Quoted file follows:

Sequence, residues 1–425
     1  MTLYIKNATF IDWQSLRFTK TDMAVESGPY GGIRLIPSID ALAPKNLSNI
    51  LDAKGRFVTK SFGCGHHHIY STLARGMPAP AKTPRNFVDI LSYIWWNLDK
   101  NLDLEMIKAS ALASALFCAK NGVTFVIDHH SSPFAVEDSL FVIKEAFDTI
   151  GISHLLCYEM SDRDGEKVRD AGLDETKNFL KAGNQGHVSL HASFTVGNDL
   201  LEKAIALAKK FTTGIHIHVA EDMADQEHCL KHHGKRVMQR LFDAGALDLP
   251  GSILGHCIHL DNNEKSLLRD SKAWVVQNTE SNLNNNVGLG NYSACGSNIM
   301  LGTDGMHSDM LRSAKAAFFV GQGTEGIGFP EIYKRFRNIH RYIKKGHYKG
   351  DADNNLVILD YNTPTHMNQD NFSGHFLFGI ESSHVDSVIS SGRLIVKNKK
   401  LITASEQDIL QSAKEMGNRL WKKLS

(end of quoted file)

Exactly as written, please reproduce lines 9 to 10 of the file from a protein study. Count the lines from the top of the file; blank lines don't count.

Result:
   351  DADNNLVILD YNTPTHMNQD NFSGHFLFGI ESSHVDSVIS SGRLIVKNKK
   401  LITASEQDIL QSAKEMGNRL WKKLS